Organ Donation & Transplantation across the EU: the work of the European Commission
By Stefaan Van der Spiegel, Belgium. Team Leader ‘Substances of human origin’, DG Santé, European Commission
Organ donation and transplantation is considered by the European Commission as falling under the theme “substances of human origin”. As per art 168 of the Treaty of the functioning of the EU, Health is a competence of the Member States (MS), therefore the EC’s role is limited mainly to complementing national policies, foster cooperation between MS and third countries. However, Art 168 4(a) calls to set ‘measures setting high standards of quality and safety of organs and substances of human origin, blood and blood derivatives; these measures shall not prevent any Member State from maintaining and introducing more restrictive standards’.
Based on this legal mandate, the EC does develop directives on the matter. Three groups of legislations have so far been adopted addressing the following topics: blood transfer, human tissue transplant and human organ transplant. In 2012, the EC adopted a Directive to support organ exchange between Member States.
With these directives, the European Commission is organizing the framework for the safety and quality of the organ donation process.
With a view to supporting Member States in the organ procurement and allocation process, the European Commission adopted an Action Plan on Organ Donation and Transplantation around 3 objectives with 10 priority actions:
- Improving quality and safety
- transplant coordinators
- quality improvement programmes
- living donation programmes
- communication skills of professionals
- information on citizens rights
- Making transplantation systems more efficient and accessible
- enhance organisational models
- EU-wide agreements
- interchange of organs
- Increasing organ availability
- evaluation of post-transplant results
- common accreditation system
Based on an evaluation in 2015 of the EU Action Plan on Organ Donation and Transplantation, it could be demonstrated that the EU Action Plan helped spur a 17% increase in organ transplants between 2008 and 2015 (4600 additional transplants: from 28100 to 32700) with an increase in organ donors from 12000 to 15000 and Spain, France, UK, Poland and the Netherlands being the five main contributors. Bulgaria, Lithuania, Finland, Croatia, Hungary, Czech Republic, Slovenia, Latvia and Denmark demonstrated the sharpest overall increase with some exceptions like Germany where numbers fell with 20%. The Action Plan lead to appointment of local coordinators for deceased donation and registries for living donors.
Key Benefits of the Action Plan:
- A shared agenda, addressing issues with a common perspective
- Helps obtaining political support
- Alignment with other international positions (CoE, WHO)
- Facilitates EU-wide collaboration
- Exchange best practices
- Develop new ideas/knowledge and support tools through exchange
- Overcome problems jointly
- Build closer relations amongst MS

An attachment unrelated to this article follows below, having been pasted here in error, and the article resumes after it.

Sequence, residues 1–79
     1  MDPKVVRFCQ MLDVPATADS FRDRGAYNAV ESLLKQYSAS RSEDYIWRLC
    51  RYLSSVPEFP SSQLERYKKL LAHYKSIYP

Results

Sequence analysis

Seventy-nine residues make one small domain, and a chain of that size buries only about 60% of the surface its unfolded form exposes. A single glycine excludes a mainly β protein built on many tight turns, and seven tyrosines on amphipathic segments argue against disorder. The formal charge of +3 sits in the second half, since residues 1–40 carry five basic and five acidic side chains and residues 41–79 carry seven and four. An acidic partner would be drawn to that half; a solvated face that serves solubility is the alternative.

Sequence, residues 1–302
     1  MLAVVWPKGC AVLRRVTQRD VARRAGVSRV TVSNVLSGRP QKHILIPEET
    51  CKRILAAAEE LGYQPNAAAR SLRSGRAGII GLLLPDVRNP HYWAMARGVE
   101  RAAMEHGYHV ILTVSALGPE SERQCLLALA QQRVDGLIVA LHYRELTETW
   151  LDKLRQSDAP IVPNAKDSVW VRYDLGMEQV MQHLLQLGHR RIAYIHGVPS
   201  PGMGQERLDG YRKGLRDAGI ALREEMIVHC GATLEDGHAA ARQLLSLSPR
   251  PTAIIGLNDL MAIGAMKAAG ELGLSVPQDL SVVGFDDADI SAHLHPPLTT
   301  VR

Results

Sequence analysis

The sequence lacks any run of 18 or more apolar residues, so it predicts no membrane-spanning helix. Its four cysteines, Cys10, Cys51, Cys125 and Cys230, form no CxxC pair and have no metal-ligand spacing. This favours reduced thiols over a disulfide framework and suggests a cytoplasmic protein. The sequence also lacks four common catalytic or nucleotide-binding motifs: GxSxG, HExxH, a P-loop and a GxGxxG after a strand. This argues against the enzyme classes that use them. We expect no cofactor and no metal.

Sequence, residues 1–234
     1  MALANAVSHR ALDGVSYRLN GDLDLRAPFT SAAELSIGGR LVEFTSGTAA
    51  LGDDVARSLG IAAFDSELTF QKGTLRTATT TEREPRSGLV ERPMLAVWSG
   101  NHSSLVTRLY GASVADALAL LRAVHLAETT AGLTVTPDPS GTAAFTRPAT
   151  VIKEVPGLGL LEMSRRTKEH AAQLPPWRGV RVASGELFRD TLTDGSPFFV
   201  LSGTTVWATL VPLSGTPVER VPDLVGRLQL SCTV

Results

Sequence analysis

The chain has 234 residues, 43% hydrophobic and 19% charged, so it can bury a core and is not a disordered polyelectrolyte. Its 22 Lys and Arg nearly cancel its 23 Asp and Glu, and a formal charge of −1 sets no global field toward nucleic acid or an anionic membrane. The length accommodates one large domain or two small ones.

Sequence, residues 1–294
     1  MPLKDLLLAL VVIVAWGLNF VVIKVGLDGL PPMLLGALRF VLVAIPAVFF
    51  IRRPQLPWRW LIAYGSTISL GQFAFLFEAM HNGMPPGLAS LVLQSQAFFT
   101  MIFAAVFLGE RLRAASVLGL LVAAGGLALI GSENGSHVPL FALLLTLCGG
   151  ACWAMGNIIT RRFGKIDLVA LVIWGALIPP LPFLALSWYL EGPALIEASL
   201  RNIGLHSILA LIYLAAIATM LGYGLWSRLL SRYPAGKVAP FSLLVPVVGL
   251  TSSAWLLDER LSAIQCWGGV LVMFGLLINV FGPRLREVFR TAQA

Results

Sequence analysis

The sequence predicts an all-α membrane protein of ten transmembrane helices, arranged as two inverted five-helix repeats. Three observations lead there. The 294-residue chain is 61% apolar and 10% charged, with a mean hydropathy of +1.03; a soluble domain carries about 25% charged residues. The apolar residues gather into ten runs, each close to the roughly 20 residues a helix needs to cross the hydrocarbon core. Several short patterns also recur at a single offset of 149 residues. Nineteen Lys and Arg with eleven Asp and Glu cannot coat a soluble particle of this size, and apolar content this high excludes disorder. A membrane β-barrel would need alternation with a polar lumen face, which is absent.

- Allows to leverage potential of twinning and organ exchange
- Bottom-up agenda-setting, engaging professionals, administrations, politicians, public opinion
- Fewer objectives, with a stronger impact
- Clearly defined objectives, with tangible outcomes
- Bring together groups of countries with similar issues and situations.
- Learn from/collaborate with adjacent areas of expertise (e.g., tissues&cells, devices)
- More focus on MS with less developed transplant systems
- Reflect on implementation and sustainability, including IT.
The European Commission supports a wide variety of actions on these matters with a view to identifying good practices from Member States and sharing these across the EU. The EC sees the diverse EU landscape as a potential for MS to learn from each other.
One of these actions is the FOEDUS Joint Action which aims to facilitate the exchange of organs donated in the EU Member States. A pilot project involving 8 countries was conducted during 9 months.
In addition, the EC holds regular meetings of EU-28 National Competent Authorities for organ transplantation, undertakes funded projects (PHP) on living donation, has created a dedicated working group on living donation which developed a “toolbox for authorities on living kidney donation” –to support this activity.
As for the European Parliament, two pilot projects have been implemented in the last two years: the EDITH project (under the patronage of MEP Karin Kadenbach, see above) and the EUDONORGAN project (under the patronage of MEP Gabriel Mato) on social awareness on organ donation.
EUDONORGAN is Consortium led by the University of Barcelona in partnership with donation and transplantation institutes from Spain, Republic of Slovenia and Croatia and Italy. It aims not only to train health professionals but also to organize “awareness raising“ events with the support of the trained professionals and to propose and implement dissemination actions as well as monitoring and evaluation strategies.
Download Stefaan Van der Spiegel presentation slides here.